Austin TX Real Estate - Hill Country Austin Lakeway Homes for Sale: Drama Drama Go Away, Come Again Another Day

Drama Drama Go Away, Come Again Another Day

For those of you who keep up with my blogs, you know I've been waiting and waiting for a Drama-free transaction... I'm almost there, but don't want to jinx it.  In the meantime, here's some more drama for you...

I have a deal that should have closed March 27. I represent the seller.  The seller has kindly allowed  extensions, but "kindly" is going out the door.  They asked for another extension on Friday stating they were taking their loan elsewhere and needed another couple of weeks for financing to go through.

My seller and I came up with a counter stating tax prorations would hault as of the original close date, his title policy will be paid at the original contract price and the buyer would be responsible for the escrow he wanted to create, and a couple of other very reasonable things to help my seller recoup some of the costs since he already moved out.

Come to find out, one of the reasons it hasn't closed is because the mortgage person's son broke his ankle.  HUH? I'm sorry, but what part of your teenage son breaking his ankle has to do with a contract with a date on it?  Our Texas purchase agreement is a legally binding contract.  When dates aren't met, the party who doesn't perform is in DEFAULT. Do you think the mortgage person cared?  When I asked her why she didn't have someone else handling the file, her response was that the buyer was the son of a friend of hers for 30+ years and that he understands.

 He understands??  Who cares if the buyer understandsMy SELLER doesn't understand, and we don't care about your personal life.  No offense, but this is business, and it's business for my seller to stop paying for two places to live and two sets of utilities because he already moved out because the mortgage lady "promised" an April 18 closing after two previous extentions.

Why promise when you can't get it done?  What happened to the saying to Under Promise and Over Deliver?

Against my advice, my seller extended the contract this morning with only a stipulation of the buyer contacting one of my lenders to get his credit pulled to make sure it's not his credit that is preventing this from closing. 

And the Drama continues...

Comment balloon 16 commentsDonna Harris • April 28 2008 10:14AM

Comments

What a headache for you Donna! Some mortgage brokers just don't have any respect for sellers. They just don't care how much they put people out. Our new contracts in Georgia prevent this kind of stuff from happening. They now have a financing contingency period, basically after that period expires they have to close with a loan or cash on the set date of closing or they lose their earnest money. It has really put some pressure on the lenders to get their job done. It has eliminated alot of drama that I had in my life.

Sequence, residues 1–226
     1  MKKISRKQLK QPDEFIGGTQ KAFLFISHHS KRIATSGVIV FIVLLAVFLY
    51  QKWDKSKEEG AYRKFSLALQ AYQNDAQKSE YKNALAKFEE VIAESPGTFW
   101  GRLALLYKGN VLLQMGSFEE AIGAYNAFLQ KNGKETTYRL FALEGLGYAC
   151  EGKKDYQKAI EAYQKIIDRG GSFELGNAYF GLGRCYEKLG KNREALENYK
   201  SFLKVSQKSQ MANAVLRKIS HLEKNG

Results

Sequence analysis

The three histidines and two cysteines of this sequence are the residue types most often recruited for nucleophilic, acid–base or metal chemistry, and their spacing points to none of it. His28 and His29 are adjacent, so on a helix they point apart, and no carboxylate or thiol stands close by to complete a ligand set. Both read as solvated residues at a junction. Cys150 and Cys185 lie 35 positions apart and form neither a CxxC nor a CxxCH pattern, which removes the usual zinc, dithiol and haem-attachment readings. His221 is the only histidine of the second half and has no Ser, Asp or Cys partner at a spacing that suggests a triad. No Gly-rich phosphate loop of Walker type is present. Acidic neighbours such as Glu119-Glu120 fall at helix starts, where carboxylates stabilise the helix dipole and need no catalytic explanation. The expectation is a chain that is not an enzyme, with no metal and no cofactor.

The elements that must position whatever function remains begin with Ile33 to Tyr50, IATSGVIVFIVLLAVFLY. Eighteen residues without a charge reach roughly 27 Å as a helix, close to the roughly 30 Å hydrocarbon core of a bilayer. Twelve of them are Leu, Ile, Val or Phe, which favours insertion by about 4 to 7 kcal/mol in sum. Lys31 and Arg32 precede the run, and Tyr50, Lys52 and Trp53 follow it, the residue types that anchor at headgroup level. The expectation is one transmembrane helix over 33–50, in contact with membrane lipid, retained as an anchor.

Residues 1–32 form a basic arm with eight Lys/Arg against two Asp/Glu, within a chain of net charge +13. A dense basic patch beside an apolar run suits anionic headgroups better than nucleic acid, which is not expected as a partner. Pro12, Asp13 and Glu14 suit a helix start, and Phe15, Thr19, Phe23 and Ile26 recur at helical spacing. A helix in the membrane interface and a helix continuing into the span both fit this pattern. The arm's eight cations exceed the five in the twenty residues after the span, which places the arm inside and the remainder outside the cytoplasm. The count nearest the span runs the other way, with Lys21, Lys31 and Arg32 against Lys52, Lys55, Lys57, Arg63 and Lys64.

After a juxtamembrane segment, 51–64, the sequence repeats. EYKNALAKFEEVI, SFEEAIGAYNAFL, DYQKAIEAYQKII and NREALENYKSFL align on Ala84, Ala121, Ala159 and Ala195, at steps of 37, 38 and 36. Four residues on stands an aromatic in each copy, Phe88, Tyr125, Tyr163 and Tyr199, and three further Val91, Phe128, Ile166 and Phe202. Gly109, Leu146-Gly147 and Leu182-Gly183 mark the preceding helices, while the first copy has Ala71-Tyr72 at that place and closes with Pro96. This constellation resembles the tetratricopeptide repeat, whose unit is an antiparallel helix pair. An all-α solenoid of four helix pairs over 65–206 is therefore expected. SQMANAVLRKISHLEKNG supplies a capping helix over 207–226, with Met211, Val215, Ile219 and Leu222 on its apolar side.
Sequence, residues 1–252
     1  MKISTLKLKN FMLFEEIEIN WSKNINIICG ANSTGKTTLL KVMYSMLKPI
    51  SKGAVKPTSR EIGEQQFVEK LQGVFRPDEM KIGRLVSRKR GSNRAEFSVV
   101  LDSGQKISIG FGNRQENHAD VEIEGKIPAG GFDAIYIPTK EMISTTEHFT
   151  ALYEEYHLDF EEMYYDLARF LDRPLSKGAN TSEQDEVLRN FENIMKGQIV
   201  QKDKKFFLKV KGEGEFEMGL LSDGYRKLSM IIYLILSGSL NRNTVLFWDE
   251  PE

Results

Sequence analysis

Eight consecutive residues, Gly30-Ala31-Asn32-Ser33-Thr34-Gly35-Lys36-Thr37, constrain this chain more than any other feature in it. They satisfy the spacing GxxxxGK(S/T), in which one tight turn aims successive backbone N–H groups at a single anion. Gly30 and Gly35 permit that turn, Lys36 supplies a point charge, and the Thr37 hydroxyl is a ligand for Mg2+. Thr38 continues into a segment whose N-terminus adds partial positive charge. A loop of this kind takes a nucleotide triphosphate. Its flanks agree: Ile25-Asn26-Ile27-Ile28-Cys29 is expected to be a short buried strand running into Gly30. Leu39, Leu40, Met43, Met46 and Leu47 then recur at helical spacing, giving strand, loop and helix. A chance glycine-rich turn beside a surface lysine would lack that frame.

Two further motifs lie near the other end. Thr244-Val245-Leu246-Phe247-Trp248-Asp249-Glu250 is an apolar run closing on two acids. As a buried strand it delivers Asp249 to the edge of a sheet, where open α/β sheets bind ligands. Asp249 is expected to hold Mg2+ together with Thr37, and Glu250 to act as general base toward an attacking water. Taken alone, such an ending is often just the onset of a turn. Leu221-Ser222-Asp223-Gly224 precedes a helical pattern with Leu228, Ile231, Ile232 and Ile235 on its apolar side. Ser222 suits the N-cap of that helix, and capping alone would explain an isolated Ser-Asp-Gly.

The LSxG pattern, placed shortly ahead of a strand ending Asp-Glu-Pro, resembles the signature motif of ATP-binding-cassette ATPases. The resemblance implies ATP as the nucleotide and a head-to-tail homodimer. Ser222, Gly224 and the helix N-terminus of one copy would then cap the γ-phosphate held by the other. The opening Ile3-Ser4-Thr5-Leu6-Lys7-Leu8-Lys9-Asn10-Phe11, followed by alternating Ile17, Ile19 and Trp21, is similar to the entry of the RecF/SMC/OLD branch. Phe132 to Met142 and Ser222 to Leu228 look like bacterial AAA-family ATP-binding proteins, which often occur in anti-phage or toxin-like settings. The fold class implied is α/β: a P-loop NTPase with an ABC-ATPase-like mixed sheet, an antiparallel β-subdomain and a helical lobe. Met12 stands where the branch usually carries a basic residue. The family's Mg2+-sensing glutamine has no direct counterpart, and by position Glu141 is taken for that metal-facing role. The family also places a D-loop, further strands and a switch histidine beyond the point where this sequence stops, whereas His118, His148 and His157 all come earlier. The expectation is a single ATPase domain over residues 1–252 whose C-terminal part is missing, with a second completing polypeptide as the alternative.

Posted by Mary McCleskey & Michelle Gumeny (Assist-2-Sell, Home Buyers & Sellers Realty, Inc.) over 10 years ago
Oh yes, the trials and tribulations of real estate. What to believe or not believe. Sounds like the buyer may have some credit issues to deal with...hopefully all can be put together so you can go onto the next one. Best of luck! - Carla
Posted by Carla Harbert, RE/MAX Omega, Brunswick Ohio (Full Time REALTOR in Ohio) over 10 years ago

Mary, Texas also added this last year, but it hasn't changed the lender's way of thinking.  They don't really care if the buyer then loses their earnest money.  I'm in that boat right now.  He's way passed his financing period so we can easily take his $1000 earnest. However, the seller is getting $100 per day since April 18 until it closes, so if it closes by the new date of May 9, that's $2100 in his pocket instead of $1000... we go in circles about just taking the $1000, but the new extension also allows the seller to show the house again and if a contract is accepted, the current buyer has 3 days to close or the contract terminates and he still loses the earnest money.

Carla, Yes, I believe he has credit issues, which is why he needs to talk with my lender since he won't waive his confidentiality about his credit.  At least my lender will give me a straight yes or no without going into details.

Posted by Donna Harris, Realtor,Mediator,Ombudsman,Property Tax Arbitrator (Donna Homes, powered by JPAR - TexasRealEstateMediationServices.com) over 10 years ago

Now I understand why some sellers and agent request direct lender. Some mortgage brokers just don't care about the date written on the contract with the market condition is becoming hard to get straightforward answer from some mortgage brokers

Posted by Keji Ogunleye, GRI, SFR, KejiYour Realtor (Fairfax Realty, Inc) over 10 years ago

Sorry, but it sounds like some sellers' agents need to be snapped back into reality about the "pool" they are swimming in...

If your "buyer" doesn't appear to be qualified, or if his broker doesn't seem to "care about your seller" and the injustice they and their sellers have to suffer over possibly unqualified buyers... pick up your bucket and shovel and take your blanket to a different poolside, where all the swimmers in the pool have 700+ beacon scores and tons of their own $$$ in the bank and stop expecting miracles from mortgage brokers to turn sows' ears into silk purses...

And I actually don't see much praise anywhere for the mortgage broker who is able to turn that stinkin' sow's ear into the proverbial silk purse when it happens and gets that seller and his agent his or her paycheck...

 

Posted by Robbie McLean (Robbie L. McLean, Atty) over 10 years ago

Hi, Donna,

Sorry to hear about the tribulations of this deal.  It does seem that many buyers are taking more time to get to the table due to lender hassles these days.  Maybe your seller is looking at the buyer under contract as a bird in the hand.

Dan

Posted by Dan Hartman (Province Mortgage Associates - NMLS #2861) over 10 years ago